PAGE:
Collaboration in Civic Spheres

Public Data Ferret On KOMO 1000: Police Misconduct In Seattle

by May 19th, 2010

Today during my regular weekly radio segment on Seattle-based KOMO 1000 about the work of the Public Data Ferret project, I spoke with “Nine2Noon” show co-anchors Brian Calvert and Nancy Barrick about a report from the Seattle Police Department’s independent watchdog office on police misconduct in 2009. Police misconduct – and excessive force – are hot topics here lately after a recent incident now being investigated. Here’s the original Ferret write-up of the 2009 police misconduct report report, which along with other finds of ours from government sites is indexed by jurisdiction and subject at our Public Data Ferret database. Here’s the audio of today’s Ferret radio. The full transcript follows.


Brian Calvert: “We all remember the stories, and perhaps you’ve seen that disturbing video involving police – and it’s brought accountability to the forefront of our minds – but how many complaints do police departments get every year? Matt Rosenberg of where you can use their feature the Public Data Ferret, joins us on the line. Matt, tell us more, about the report you found regarding the Seattle Police Department, and the number of complaints that they seem to get on a yearly basis.”

Matt Rosenberg: “You bet Brian. Good morning to you and Nancy. Critics of course are raising concerns now that this recent incident is far from isolated, and that’s where it becomes useful to step back and look at the best available data we’ve got. The Seattle Police Department has a watchdog unit called the Office Of Professional Accountability, and they actually recently presented a report to a City Council committee on complaints in 2009. Now overall there were about 1,400 inquiries made, but most of those were just for information or referrals. There were 198 investigations that were closed last year and there were 24 that were upheld. Now, you gotta step back and understand, I think, listeners, that there are 450,000 contacts each year between police and the public and about 23,000 arrests. Now of these sustained cases last year, none of them were for use of force. There were about 105 out of the 198 cases closed, that were actually investigations into excessive use of force, and none of those were upheld. And in 2008, there were two excessive force cases in Seattle that were sustained, or found valid, but no others since 1999.”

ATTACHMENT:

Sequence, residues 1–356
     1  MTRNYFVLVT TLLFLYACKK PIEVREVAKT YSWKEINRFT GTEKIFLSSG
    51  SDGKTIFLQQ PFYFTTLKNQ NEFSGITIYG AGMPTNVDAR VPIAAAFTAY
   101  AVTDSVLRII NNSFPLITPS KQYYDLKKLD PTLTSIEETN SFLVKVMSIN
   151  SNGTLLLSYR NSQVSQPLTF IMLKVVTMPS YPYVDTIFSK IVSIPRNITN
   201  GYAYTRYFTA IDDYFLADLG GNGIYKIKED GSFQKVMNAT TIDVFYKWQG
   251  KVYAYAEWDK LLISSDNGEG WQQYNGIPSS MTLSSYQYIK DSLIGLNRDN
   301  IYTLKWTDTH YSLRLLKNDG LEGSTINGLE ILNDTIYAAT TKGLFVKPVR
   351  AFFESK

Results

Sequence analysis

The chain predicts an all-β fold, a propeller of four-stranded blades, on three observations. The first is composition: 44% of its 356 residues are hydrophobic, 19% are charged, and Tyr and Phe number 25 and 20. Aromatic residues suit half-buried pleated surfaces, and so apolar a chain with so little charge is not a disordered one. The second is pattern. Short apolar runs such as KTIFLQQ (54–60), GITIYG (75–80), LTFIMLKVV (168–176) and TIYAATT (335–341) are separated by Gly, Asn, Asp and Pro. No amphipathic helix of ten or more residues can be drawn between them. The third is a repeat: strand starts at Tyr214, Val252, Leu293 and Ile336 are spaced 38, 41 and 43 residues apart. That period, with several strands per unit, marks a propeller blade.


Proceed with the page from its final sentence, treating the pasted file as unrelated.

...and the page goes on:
Nancy Barrick: “Matt, as you checked out the Office Of Professional Accountability’s Web site, I guess it was, and looked at the reports, is that information pretty easy to understand, so if you’re just a common member of the public and decided to check that out, would you gain some interesting information from that?”

Matt Rosenberg: Yeah, absolutely, this is not too esoteric or difficult to fathom at all; you’ve got to go through the report, but they make it pretty clear and they break it out with charts and graphs, and – it should be noted – the OPA gets out into the community and gives presentations to people and groups about this whole complaint process and how they can participate. But, you know, I think without diminishing the real concerns that we have about the recent incident – and the questions about the officers who stood by without intervening – any allegations about a broader pattern of excessive force by Seattle Police will have to be validated by OPA investigations, and those findings simply don’t exist right now.”

Brian Calvert: “Interesting. Matt, thank you for the insight this morning. Matt Rosenberg. And if you want to find out more about this report, maybe links to get to this report, you can go to and use their feature The Public Data Ferret.”

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